Vigorous debate in our deliberations is not only desirable — it is essential. The question before us demands it. But the result of that debate cannot be to condition our actions on the approval of others, for we might wait for an approval that may never come.

We must remember that our debate is not for ourselves alone, and that our audience is not confined to this chamber. The world is watching us. Our allies are watching us. Our enemies are watching us. Saddam is watching us.

They are looking for signs of indecision in our resolve, searching for the fatal sign of weakness that will come from binding ourselves to act only in concert with others. The voice of indecision would cut through any wording in which we might attempt to secret it, however artfully phrased and cleverly contrived we might render it.

We do not have the luxury of pretending not to see the danger confronting us. All of our choices are difficult ones, but our only real option is to act.

Over a century ago, in another conflict, Lincoln said that "we cannot escape history. We of this Congress and this administration, will be remembered in spite of ourselves. No personal significance, or insignificance, can spare one or another of us. The fiery trial through which we pass, will light us down, in honor or dishonor, to the latest generation."

A century ago, Britain stood majestically at the height of her power. Within 40 years, the knife was at her throat, and she survived only because we were there to rescue her. But there is no one to rescue us.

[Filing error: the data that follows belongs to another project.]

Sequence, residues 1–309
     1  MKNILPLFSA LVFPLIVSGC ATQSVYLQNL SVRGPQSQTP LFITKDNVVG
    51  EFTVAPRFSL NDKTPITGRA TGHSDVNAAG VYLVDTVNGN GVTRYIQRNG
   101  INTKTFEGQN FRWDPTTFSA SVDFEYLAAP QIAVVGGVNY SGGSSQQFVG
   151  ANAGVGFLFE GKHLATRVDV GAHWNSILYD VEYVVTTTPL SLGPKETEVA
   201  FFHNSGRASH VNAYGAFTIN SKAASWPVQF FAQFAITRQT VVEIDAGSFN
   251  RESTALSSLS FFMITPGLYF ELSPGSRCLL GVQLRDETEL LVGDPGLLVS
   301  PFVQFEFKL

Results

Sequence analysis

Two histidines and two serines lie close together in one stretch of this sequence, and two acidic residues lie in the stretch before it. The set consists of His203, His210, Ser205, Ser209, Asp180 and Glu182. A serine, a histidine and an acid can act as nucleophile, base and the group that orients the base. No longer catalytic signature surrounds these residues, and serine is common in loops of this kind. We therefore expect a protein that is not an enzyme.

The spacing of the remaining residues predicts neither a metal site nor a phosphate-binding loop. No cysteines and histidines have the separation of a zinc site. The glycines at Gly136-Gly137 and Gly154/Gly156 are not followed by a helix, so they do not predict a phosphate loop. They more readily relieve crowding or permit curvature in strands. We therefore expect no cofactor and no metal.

We cannot entrust our fate to others, for others may never come. If we are not prepared to defend ourselves, and to defend ourselves alone if need be, if we cannot convince the world that we are unshakably resolved to do so, then there can be no security for us, no safety to be purchased, no refuge to be found.

Mr. Speaker, Members of this House,

I rise to support the President. I do so, not simply because he is a good, honest, intelligent man who happens to be the leader of my party. I support the President because he is right — strategically, politically, and morally right. In the autumn years of a long life, I do not intend to see the free world repeat the errors it made when I was a teenager — errors that extracted an unfathomable cost in blood and treasure. I do not believe that my country wants to be a party to appeasement.

Mr. Speaker, Members of this House,

We cannot defend America — we cannot build the world of peace, order, justice and freedom — by hope alone. The statesmen of the 1930s tried to secure the peace by hopes alone — they failed, and the results are with us still. We cannot repeat their failure. We must not. History will not forgive us another failure of imagination and will.

I don't know why God put you here today. I don't know why God put me here today. But we're here to answer one question — What is best for America?

Support our President!